Sunday, June 09, 2019

Mario Vargas Llosa, Aunt Julia and the Scriptwriter (1977)

Well, here we have this, which is a book what I read. It's an in part semi-autobiographical thing in which the narrator, named Mario Vargas, okay okay, is an eighteen-year-old aspiring writer working editing news bulletins for a radio station. "Aunt Julia" is his thirty-two-year-old divorced aunt (no biological relation) with whom he starts a relations; "the scriptwriter" is Pedro Camacho, a Bolivian who's been brought into Peru to bring his tireless work to the local radio soap operas (you might think from the title that the two are related in some way, but they're really not). Every other chapter is an unrelated story which, it quickly transpires, is an episode of one of Camacho's many serials. These start out normal but become strange as the scriptwriter starts to lose it, and characters from serials start getting mixed up and changing names and roles and everything, sometimes within the chapter. So the book is about the narrator and his relationships with these two characters.

So for the most part, I absolutely loved this, found it completely enthralling. No question that Vargas Llosa is some kinda genius, and the Camacho stories are just great (each starring a character in his fifties, always characterized as "the prime of life"--this is Camacho's age and he's feeling self-conscious about it)--the way he's able to create such compelling narratives in so little space, and the fact that they end on cliffhangers isn't really a problem--any resolution to stories like these is inevitably anti-climactic. When Camacho starts losing it, the confusion is both funny and creates a weird sort of pathos.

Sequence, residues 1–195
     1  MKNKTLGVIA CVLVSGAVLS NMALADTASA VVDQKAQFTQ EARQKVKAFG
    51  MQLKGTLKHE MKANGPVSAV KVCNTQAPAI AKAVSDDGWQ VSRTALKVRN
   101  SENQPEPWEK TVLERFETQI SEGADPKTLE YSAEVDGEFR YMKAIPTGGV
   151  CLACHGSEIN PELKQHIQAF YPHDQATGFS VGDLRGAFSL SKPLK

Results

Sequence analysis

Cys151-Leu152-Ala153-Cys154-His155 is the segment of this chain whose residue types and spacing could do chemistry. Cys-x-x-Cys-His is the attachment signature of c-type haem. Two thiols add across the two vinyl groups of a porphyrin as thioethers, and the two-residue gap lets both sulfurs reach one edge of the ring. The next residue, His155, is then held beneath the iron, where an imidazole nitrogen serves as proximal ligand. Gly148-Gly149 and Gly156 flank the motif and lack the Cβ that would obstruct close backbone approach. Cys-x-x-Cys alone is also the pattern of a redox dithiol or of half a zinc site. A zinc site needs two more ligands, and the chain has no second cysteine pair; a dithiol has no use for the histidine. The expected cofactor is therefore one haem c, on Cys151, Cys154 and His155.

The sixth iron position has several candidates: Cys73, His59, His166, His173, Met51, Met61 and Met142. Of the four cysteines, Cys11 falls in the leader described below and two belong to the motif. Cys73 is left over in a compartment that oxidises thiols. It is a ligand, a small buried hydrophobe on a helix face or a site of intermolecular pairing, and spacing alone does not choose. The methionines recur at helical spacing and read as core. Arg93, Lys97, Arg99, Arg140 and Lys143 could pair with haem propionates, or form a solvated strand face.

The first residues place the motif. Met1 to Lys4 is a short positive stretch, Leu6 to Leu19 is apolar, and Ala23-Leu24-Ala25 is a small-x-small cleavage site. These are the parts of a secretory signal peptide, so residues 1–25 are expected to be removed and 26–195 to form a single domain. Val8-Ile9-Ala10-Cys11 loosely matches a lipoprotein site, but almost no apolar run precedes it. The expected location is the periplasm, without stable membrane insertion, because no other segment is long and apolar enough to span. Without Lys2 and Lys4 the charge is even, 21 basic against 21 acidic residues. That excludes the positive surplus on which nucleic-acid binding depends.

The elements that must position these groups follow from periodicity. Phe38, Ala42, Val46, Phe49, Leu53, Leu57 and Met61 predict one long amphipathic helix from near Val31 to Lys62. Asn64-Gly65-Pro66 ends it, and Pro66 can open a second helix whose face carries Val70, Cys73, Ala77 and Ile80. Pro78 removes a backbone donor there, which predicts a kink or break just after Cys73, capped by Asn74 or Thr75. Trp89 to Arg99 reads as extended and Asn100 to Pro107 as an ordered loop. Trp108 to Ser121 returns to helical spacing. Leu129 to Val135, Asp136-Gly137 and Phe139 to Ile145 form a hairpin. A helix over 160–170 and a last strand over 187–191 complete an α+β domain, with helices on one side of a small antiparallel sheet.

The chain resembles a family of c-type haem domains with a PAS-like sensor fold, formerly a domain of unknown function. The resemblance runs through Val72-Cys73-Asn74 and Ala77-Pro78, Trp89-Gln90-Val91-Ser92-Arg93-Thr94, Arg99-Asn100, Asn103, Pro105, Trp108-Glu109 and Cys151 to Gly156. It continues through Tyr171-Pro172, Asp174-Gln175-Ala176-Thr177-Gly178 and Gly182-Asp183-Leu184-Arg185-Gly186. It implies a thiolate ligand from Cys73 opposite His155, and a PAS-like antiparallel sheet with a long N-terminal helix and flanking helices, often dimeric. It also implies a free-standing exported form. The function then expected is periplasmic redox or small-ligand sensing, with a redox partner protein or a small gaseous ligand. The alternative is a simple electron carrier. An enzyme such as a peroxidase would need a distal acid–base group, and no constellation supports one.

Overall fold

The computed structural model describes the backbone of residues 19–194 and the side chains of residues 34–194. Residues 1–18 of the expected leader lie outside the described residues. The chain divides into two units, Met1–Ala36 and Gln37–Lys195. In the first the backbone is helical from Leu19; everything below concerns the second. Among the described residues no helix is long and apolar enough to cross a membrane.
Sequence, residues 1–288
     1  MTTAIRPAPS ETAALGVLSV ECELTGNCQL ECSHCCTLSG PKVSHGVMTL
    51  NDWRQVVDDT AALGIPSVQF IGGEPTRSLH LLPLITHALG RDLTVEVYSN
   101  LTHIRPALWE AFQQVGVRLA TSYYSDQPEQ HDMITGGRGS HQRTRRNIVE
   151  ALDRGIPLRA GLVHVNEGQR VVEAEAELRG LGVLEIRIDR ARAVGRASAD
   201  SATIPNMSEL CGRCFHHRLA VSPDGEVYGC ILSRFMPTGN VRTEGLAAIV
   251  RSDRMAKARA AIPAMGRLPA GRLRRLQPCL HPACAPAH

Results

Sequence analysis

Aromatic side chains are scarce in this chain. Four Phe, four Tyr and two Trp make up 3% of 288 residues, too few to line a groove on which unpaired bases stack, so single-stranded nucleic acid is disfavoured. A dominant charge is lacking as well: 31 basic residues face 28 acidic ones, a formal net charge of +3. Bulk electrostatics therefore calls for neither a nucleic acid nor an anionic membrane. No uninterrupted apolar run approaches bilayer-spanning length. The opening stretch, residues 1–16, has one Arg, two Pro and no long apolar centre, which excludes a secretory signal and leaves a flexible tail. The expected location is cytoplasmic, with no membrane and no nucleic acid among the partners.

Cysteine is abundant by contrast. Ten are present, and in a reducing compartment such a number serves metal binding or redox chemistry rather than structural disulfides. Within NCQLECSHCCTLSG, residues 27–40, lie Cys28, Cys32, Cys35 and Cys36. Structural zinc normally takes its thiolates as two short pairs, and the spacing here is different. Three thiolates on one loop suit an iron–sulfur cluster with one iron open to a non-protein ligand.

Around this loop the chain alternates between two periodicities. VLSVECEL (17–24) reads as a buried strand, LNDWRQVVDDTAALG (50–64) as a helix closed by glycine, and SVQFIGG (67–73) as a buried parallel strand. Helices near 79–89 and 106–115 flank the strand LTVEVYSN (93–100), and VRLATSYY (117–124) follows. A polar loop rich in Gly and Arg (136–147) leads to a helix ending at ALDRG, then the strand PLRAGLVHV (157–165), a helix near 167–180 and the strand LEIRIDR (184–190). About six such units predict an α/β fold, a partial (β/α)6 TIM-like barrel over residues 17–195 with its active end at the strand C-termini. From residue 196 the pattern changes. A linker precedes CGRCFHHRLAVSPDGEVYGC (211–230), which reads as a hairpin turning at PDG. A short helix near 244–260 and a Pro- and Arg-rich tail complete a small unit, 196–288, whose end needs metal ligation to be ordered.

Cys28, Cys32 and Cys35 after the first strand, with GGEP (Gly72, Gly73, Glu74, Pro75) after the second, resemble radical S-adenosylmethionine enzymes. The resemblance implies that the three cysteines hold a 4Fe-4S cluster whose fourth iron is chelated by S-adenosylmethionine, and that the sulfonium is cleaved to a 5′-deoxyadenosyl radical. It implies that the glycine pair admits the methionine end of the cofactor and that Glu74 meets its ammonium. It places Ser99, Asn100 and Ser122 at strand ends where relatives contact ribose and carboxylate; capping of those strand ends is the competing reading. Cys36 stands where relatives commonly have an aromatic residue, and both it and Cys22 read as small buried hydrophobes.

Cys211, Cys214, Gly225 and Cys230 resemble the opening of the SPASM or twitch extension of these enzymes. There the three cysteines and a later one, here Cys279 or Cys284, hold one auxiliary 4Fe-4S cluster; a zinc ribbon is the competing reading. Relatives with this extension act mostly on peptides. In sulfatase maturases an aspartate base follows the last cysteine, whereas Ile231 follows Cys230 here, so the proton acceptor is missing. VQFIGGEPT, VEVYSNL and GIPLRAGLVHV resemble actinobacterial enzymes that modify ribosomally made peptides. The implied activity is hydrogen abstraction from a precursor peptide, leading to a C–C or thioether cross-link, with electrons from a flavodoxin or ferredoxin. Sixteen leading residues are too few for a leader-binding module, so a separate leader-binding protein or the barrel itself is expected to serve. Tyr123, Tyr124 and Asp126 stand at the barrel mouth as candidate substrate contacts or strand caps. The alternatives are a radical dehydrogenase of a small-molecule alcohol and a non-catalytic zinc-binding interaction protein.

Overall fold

This is the fourth Vargas Llosa novel I've read. I loved the first half of The War of the End of the World and then found it became a bit of a slog; admired more than loved Conversation in the Cathedral, and found The Green Room impenetrable and dull. So I thought, yes! I've finally found it: the Vargas Llosa novel I can love with no reservations! And why not? I probably should've started here; it just would've made more sense to begin with the popular one. Yeesh. But...that "for the most part" in the above paragraph is really a bigger caveat than it might appear. Because goddamnit, I hated the end--the last chapter--of this novel. Everything's going along smoothly, la la, and then Julia herself is basically shunted out of the narrative, and Camacho--in what looks like an act of authorial sadism--is living in massively degraded circumstances and everyone's being all misogynistic about how his wife is constantly cheating on him. You could say--and you probably would say, were you the author--that this is because the point of it is to be a Bildungsroman, and that that other stuff is beside the point.

Nope; doesn't work. It's just monstrous narcissism to assume that this is all that matters. It's not throughout the novel, and this turn at the very end cannot be justified. It's maddening, too: I mean, given that I morbidly finish everything I start, I guess I shouldn't complain on my own behalf, but even if you're not, given that you don't get the rug pulled from under you 'til the very end, you don't even have the chance to give it up. I was left really unhappy. I still kind of would like to find a Vargas Llosa novel I can love, and I was planning on moving on to another right away, but given what ultimately happened, I'd say that...he can wait a while.


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